Will Donald Trump stop the hurricane

Hurricane control Why atomic bombs do nothing against hurricanes

Stop a hurricane with an atomic bomb explosion? The idea is nonsense, of course. Serious scientists prefer not to answer the question of whether this would even be possible. Aside from the widespread radioactive contamination, what would an atomic bomb dropped in the eye of a hurricane actually do?

"We can do that very briefly. That wouldn't do anything at all," says graduate meteorologist Adrian Leyser from the German Weather Service. Even if you can hardly imagine, atomic bombs are simply too weak for hurricanes despite their gigantic destructive power.

The hurricanes are much more powerful than an atomic bomb. An average hurricane converts thermal energy at a rate of five to 20 times ten to the power of 13 watts. This is a number with 13 zeros and roughly corresponds to a powerful atomic bomb that explodes every 20 minutes.

Adrian Leyser, German Weather Service

So a single atomic bomb would do nothing. In the three days that Hurricane Dorian raged, one would have had to detonate around 200 atomic bombs over the Bahamas in order to counter the purely energy. So this is not only an adventurous, but above all a completely unrealistic thought. In order to save the honor of the Americans, it must be said that they too have never seriously considered the matter since the 1950s - when the idea arose.

Another approach would be to combat early-stage hurricanes when they are still tropical lows, without the extreme forces of a hurricane. But meteorologist Adrian Leyser says: "The problem is that there are about 80 of them per year, especially over the Atlantic, and only five become hurricanes." So you have to shoot at all 80 tropical lows to make sure that there are no hurricanes.

So in my opinion there is no starting point where you can say that we can stop hurricanes in any way.

Adrian Leyser, German Weather Service

Using hurricanes to generate energy

At the moment, hurricane research is heading in a different direction. It's about the unimaginable amounts of energy in a hurricane. With wind turbines that are stable enough for a hurricane, these huge amounts of energy could be used to generate electricity. There are first test facilities - for example off the coast of Japan, explains Leyser: "They are just much larger than the wind turbines as we know them, can withstand wind speeds of over 150, over 200 kilometers per hour and convert this wind energy into electricity . "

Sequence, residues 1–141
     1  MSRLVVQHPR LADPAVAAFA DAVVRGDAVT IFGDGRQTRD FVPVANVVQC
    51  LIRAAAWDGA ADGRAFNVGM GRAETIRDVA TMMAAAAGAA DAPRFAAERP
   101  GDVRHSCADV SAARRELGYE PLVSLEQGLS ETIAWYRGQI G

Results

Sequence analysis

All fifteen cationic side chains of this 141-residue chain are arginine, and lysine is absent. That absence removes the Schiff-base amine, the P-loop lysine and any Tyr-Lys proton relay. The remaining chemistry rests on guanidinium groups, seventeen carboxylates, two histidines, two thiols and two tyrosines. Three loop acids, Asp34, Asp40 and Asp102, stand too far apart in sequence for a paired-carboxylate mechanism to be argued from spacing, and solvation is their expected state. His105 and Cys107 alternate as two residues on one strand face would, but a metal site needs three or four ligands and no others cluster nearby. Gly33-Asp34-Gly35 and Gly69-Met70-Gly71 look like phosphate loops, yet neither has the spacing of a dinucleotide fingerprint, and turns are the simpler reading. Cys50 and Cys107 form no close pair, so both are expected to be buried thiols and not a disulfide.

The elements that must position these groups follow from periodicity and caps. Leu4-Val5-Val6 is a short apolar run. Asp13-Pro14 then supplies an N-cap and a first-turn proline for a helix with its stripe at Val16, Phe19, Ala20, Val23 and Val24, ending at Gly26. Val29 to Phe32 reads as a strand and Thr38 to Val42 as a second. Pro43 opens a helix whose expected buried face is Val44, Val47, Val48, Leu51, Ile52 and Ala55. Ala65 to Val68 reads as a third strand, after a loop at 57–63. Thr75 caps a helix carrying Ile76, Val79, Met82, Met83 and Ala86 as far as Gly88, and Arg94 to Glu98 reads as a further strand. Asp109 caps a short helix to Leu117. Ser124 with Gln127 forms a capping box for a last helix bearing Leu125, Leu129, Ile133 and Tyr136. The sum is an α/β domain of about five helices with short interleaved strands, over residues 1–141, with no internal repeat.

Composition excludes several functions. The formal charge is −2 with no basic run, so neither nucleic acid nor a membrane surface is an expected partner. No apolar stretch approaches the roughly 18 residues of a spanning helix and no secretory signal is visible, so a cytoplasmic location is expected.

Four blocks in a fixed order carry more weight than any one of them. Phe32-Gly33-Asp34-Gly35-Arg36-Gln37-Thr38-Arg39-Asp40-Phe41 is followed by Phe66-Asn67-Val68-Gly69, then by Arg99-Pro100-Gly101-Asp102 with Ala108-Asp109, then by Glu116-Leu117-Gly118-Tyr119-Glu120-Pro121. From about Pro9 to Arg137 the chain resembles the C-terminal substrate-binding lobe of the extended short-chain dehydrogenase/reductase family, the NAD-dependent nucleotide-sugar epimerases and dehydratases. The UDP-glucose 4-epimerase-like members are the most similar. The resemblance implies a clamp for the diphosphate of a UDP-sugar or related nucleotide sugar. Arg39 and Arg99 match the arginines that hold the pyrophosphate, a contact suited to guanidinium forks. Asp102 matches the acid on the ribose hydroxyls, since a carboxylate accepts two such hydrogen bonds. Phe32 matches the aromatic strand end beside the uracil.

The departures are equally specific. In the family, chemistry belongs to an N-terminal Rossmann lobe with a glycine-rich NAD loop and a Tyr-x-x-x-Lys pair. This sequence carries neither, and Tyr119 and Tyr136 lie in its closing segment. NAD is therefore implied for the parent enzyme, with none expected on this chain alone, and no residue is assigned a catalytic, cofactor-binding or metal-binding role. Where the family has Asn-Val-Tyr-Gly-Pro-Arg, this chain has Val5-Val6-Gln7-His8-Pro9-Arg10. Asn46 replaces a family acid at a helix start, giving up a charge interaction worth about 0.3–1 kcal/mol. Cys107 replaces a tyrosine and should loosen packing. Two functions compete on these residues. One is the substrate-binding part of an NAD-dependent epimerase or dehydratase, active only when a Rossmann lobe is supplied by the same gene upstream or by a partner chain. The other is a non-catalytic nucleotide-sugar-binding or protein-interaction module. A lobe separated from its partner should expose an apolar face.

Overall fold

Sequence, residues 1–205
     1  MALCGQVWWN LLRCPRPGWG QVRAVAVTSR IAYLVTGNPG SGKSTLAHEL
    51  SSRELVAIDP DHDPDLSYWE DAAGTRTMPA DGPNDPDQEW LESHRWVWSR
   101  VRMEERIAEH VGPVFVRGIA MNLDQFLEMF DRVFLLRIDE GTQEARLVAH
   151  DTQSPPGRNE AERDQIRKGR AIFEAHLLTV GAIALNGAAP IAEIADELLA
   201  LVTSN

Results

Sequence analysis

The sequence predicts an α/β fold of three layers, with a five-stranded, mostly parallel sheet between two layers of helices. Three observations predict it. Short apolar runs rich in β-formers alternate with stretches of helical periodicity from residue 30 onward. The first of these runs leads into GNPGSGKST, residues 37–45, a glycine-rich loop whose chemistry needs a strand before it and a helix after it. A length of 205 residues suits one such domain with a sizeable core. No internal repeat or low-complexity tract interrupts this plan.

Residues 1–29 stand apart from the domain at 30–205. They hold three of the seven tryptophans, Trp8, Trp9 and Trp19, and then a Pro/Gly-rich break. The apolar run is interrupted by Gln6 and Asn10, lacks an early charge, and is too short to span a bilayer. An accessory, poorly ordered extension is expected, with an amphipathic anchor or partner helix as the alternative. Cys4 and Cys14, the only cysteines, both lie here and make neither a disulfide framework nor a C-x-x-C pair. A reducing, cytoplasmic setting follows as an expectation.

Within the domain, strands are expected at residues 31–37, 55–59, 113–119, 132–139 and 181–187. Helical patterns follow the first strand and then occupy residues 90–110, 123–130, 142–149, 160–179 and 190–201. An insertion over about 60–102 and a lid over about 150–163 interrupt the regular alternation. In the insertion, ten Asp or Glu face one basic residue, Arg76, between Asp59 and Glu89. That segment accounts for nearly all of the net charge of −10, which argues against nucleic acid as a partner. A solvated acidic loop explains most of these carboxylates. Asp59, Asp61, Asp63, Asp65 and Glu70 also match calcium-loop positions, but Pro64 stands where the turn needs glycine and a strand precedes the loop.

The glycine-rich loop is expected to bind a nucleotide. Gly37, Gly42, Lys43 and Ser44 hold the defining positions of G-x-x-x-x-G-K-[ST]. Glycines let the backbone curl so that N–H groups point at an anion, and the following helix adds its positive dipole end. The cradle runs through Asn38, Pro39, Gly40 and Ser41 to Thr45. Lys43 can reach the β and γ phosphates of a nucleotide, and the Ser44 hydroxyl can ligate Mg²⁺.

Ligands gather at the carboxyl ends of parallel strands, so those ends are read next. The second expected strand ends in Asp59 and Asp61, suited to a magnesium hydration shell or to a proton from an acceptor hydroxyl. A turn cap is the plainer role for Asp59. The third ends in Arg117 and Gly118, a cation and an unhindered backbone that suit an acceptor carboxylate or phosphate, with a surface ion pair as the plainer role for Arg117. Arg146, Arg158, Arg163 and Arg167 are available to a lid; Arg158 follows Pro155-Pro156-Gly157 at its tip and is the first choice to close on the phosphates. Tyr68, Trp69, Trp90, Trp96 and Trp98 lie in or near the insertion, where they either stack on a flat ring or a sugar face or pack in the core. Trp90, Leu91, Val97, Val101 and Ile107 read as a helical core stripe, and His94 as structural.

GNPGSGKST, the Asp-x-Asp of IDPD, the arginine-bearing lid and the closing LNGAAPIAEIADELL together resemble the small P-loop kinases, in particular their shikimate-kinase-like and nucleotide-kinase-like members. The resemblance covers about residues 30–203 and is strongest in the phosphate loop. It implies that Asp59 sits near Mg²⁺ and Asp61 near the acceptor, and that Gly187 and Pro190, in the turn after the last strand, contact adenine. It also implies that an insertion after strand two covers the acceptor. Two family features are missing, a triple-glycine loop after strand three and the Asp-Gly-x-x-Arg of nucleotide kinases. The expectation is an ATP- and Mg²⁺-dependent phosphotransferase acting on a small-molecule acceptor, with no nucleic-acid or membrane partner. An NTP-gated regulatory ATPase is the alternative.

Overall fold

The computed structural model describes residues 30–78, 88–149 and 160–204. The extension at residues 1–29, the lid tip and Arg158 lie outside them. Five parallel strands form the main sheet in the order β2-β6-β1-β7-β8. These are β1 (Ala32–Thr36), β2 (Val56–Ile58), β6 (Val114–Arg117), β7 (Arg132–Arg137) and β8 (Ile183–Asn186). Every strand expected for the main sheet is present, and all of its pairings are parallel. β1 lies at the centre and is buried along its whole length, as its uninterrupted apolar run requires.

An interesting side effect: all the energy that is gained from a hurricane is lost by the hurricane. So he's getting weaker. With a few wind turbines this is of course not noticeable, but an effect is possible on a large scale. There is an interesting study that presents a gigantic wind turbine park off the American coast as a thought experiment:

80,000 of these resilient wind turbines were installed off the Gulf Coast of America and then Hurricane Katrina was simulated in 2005. It was actually found out that the strength is noticeably weakening and that, conversely, 500 gigawatts of electricity have been generated.

Adrian Leyser, German Weather Service

That corresponds to the output of 500 nuclear power plants. Of course, it is not to be expected that the USA will install 80,000 wind turbines off its coasts in the next few years and the previous systems are not technically mature either. They are extremely expensive and not efficient enough - the electricity they generate is disproportionate to the effort required to build and operate them.

For the mainland, researchers from Miami are developing a type of wind screw that will slow down the storm on building roofs and generate electricity at the same time. But this technology is only just beginning.

Meanwhile, Hurricane Dorian is on its way across the Atlantic towards Europe. But we don't really have to worry in Germany, says meteorologist Adrian Leyser: "We don't face an immediate threat." It is the case that a larger part of these hurricanes then mostly move to northern and western Europe and lose a lot of their intensity in the process. In individual cases, however, there could be hurricane depths. The meteorologist explains that they would have a high potential for damage, but not in the form that hurricanes have.

An uncontrollable force of nature

The regions around the Gulf of Mexico, the Caribbean and the US Gulf Coast in particular remain at risk of hurricanes. Because hurricanes need the warm surface water of the sea to develop. It has not yet been proven that global warming could increase the number of severe hurricanes - but meteorologist Leyser sees a lot of logic in the idea.

The warmer the surface water of the oceans, the more energy there is naturally in it and the more energy they can convert, and this leads directly to the fact that these hurricanes can become stronger.

Adrian Leyser, German Weather Service

But there is currently no measurable trend. But the climate models already indicate that things could go in this direction, says Leyser. On the other hand, he cannot imagine that humanity will dominate hurricanes at some point: For him, they belong to the forces of nature that are stronger than all human forces. However, we would learn to deal with them better and better: "What I could imagine is that the weather models will be improved even further," says Leyser. "In such a way that you can say relatively precisely many days in advance where, for example, such a hurricane will land so that it can be evacuated in good time."

But basically we will always face these forces of nature powerless.

Adrian Leyser, German Weather Service